“‘Remember on this one thing,’ said Badger. ‘The stories people tell have a way of taking care of them. If stories come to you, care for them. And learn to give them away where they are needed. Sometimes a person needs a story more than food to stay alive. That is why we put these stories in each other’s memories. This is how people care for themselves.’” ―Barry Lopez, Crow and Weasel


“Lift up your faces, you have a piercing need
For this bright morning dawning for you.
History, despite its wrenching pain,
Cannot be unlived, but if faced
With courage, need not be lived again.
Lift up your eyes upon
The day breaking for you.
Give birth again
To the dream.” —Maya Angelou


“With dreamwork, we are endlessly tenderising ourselves to subtletly. When we begin to know its dimensions, pain can no longer envelop us in an indistinct mass. It’s not that we are ridding ourselves of suffering, but rather learning its name, which is the prelude to befriending it.” —Dreamwork with Toko-pa


Humility
by Mary Oliver
Poems arrive ready to begin.
Poets are only the transportation.


“On the last day of the world
I would want to plant a tree.” —W. S.Merwin


“Nature never repeats itself, and the possibilities of one human soul will never be found in another.” —Elizabeth Cady Stanton


“All know that the drop merges into the ocean, but few know that the ocean merges into the drop.” —Kabir


Mirabai Starr said, “Poetry is a gateway into unitive consciousness. It knocks on the doors of the heart and the heart opens. Poets speak truth in a very naked way that bypasses the rational mind. Poetry evokes, rather than describes.”


Kathleen Norris writes, “Poets understand that they do not know what they mean, and that is their strength. . . . Writing teaches us to recognize when we have reached the limits of language, and our knowing, and are dependent on our senses to ‘know’ for us.”


“I hope you will go out and let stories, that is life, happen to you, and that you will work with these stories . . . water them with your blood and tears and your laughter till they bloom, till you yourself burst into bloom.” —Clarissa Pinkola Estés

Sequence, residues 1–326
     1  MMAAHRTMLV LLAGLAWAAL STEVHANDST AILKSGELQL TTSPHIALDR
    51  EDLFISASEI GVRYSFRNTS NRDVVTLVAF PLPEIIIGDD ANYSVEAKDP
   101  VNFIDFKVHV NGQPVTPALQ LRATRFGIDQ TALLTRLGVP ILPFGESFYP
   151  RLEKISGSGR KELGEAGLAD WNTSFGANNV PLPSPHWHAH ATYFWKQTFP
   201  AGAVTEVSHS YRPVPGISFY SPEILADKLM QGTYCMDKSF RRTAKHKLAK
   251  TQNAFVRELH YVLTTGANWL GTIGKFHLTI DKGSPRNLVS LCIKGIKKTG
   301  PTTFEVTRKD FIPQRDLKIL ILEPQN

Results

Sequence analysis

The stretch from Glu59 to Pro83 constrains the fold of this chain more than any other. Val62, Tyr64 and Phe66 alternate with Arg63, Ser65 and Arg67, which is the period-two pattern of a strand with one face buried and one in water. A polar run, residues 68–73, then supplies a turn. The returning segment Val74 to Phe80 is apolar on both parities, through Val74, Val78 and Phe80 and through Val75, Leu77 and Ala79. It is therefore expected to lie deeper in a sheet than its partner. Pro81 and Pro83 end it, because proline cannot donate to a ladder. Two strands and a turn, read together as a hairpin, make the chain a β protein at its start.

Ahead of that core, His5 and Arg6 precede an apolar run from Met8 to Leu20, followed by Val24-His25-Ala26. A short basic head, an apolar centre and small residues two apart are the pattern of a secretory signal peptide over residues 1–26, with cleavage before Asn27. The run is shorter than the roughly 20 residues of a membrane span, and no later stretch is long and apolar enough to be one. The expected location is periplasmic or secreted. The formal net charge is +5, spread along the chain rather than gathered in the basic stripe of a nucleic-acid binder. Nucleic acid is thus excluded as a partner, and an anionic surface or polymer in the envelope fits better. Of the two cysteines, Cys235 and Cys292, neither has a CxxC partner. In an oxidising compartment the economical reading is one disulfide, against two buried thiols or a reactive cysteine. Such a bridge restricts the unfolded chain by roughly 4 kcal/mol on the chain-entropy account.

“Every seed contains the potential to save the world. Each seed can keep millions of people from starvation. Each seed is a mirror and guardian of the world’s future. Each seed is the ecology that can sustain the economy. This is why seeds are sacred…”
—His All Holiness Ecumenical Patriarch Bartholomew

Anxious Days and Gratitude

Gull on a bad hair day.

I am suffering from some serious internal whiplash these days.

Within the past week, I have experienced some incredibly healing times safely social distanced with some of my best beloveds, looking into twinkling eyes, hearing laughter and wisdom and articulate questions. I have had some deeply reviving time in nature despite the heat.

And at the same time, one thought can set my nerves jangling, twanging the wires of anxiety, clashing and clanging waves of worry. School.

While teaching students to read and write–to communicate, to learn to express emotion and articulate new ideas–is clearly my vocational mission, I have an underlying agenda which is just as important as English Language Arts: To create a safe space for young people to explore who they are and learn how to be comfortable and confident in the world. In the spring, when we were sent home to do our learning, we lost that safe space together. I lost the opportunity to make eye contact in the halls with someone who worried that nobody would ever notice them, lost the chance to listen to a student come into my room ranting about some injustice they wanted to remove from the world, lost the chance to watch laughter displace worry or sadness or fear, lost the chance to tell someone that they are stronger than they think.